SAN NICOLAS ISLAND, Calif. (AP) — The Navy is turning over hundreds of human remains to a California Indian tribe after determining that the band has a historical connection to one of the Channel Islands.
A report this week in the Federal Register said Navy officials have recognized that the Pechanga Band of Luiseno Indians has a connection to the history of the island.
The designation means that the remains of 469 people and 436 burial objects that were removed from San Nicolas Island over the last century will be repatriated to the tribe in Temecula, a suburb 75 miles southeast of Los Angeles, according to the report.
The Ventura County Star reports (http://bit.ly/1EyEsPT ) the decision came after more than two years of talks between Navy officials and tribal officials over the Navy-owned island, which is 65 miles off the coast.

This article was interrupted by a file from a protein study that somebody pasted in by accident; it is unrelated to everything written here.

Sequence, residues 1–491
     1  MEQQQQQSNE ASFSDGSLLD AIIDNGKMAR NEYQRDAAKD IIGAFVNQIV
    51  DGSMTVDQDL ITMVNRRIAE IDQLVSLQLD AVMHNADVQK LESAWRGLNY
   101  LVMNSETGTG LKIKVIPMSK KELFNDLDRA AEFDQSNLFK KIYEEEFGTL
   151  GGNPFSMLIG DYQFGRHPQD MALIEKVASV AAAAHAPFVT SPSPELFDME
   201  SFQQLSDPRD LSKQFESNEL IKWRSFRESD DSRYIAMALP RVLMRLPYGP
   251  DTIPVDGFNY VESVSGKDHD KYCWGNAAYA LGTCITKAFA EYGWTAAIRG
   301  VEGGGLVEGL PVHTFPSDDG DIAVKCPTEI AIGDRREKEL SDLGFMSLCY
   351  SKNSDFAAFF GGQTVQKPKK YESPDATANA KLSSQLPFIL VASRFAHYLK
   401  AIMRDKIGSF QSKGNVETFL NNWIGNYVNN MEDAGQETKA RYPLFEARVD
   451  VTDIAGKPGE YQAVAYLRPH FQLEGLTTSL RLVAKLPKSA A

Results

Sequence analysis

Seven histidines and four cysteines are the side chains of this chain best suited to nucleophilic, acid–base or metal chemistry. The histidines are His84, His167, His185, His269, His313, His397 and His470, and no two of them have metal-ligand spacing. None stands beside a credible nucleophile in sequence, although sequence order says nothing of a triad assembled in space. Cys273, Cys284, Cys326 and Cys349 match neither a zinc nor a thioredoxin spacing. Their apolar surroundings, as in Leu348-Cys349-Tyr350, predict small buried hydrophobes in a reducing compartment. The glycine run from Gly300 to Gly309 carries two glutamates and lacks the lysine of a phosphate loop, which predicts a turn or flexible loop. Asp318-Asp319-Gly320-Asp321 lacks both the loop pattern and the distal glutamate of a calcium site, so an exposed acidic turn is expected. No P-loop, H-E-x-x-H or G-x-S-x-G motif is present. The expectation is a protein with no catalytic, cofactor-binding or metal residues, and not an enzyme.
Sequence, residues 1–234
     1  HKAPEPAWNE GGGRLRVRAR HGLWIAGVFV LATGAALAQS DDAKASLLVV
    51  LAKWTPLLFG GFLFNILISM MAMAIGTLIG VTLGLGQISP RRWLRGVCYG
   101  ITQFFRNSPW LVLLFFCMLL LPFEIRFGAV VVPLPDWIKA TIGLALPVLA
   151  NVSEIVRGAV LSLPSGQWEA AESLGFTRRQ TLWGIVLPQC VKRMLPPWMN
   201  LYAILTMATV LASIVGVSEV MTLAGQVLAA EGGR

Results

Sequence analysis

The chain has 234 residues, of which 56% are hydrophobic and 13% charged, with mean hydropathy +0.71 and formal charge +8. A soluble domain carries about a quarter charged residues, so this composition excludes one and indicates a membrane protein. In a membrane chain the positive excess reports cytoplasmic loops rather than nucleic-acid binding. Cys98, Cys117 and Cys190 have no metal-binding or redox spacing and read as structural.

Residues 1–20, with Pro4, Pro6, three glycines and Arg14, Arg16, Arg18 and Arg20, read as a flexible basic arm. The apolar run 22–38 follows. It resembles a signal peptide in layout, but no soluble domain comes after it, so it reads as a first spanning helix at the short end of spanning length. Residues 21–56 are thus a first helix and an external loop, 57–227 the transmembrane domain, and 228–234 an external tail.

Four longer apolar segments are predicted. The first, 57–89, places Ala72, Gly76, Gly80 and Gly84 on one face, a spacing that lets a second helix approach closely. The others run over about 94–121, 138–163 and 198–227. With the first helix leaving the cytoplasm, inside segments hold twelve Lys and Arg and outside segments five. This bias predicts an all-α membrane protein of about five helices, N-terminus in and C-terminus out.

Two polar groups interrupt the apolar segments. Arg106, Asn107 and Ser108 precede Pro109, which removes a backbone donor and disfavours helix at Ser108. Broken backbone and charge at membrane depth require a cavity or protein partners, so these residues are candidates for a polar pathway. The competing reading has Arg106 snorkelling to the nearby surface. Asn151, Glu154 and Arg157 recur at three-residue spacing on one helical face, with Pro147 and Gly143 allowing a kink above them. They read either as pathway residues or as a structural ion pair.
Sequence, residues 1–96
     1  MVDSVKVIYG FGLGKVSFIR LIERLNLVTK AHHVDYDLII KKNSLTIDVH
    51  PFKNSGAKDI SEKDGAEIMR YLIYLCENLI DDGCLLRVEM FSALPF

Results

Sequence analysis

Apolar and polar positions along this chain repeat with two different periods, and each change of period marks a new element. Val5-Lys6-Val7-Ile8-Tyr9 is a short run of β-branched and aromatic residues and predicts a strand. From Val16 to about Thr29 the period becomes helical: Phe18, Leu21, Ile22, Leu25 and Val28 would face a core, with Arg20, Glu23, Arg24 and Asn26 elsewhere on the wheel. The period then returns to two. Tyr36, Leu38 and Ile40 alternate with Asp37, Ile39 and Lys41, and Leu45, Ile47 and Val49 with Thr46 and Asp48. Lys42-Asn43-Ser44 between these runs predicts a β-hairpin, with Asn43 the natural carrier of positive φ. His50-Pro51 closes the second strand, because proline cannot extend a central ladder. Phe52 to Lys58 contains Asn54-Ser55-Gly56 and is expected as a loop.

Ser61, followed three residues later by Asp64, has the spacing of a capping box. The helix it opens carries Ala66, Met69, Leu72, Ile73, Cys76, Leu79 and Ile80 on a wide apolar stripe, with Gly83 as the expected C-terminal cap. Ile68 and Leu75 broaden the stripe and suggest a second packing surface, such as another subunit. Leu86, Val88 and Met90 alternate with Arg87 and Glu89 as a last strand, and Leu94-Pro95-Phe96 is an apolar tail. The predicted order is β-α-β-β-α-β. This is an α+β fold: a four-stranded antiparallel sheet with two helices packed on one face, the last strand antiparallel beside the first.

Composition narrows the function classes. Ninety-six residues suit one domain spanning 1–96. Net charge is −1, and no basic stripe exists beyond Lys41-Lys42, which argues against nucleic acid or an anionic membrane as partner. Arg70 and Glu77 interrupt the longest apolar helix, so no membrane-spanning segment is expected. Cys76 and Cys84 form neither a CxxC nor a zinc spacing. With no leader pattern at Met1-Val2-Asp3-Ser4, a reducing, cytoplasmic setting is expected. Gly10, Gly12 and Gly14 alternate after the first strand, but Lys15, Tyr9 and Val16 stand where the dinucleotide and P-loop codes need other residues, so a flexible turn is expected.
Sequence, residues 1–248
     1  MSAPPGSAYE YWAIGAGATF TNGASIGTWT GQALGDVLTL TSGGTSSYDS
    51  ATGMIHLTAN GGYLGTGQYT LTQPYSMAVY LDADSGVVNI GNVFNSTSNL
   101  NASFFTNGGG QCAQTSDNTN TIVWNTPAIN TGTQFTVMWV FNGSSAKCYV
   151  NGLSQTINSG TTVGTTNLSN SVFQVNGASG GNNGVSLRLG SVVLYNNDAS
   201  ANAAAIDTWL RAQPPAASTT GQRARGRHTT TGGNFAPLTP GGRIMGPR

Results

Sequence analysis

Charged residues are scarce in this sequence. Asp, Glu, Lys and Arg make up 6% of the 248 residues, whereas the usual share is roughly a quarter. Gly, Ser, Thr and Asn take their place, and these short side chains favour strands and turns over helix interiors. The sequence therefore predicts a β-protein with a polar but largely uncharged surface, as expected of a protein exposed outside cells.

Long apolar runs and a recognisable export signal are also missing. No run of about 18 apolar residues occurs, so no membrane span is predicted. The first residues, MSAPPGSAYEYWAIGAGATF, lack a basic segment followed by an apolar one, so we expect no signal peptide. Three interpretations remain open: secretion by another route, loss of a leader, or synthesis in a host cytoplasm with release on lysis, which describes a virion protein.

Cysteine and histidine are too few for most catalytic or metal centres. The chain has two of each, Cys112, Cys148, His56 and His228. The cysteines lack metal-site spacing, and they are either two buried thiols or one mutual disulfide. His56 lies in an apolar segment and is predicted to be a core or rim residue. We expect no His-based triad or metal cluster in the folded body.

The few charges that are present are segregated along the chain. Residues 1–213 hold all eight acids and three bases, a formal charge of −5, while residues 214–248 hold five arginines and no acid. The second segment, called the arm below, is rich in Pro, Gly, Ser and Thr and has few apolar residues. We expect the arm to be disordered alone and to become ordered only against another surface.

"What (this) decision means is that nearly 500 human remains, and hundreds of burial and sacred items will finally be afforded the respect and dignity they have long deserved under federal law," said Pechanga Tribal Chairman Mark Macarro, in a statement released Friday.
The artifacts have been moving around museums throughout the state.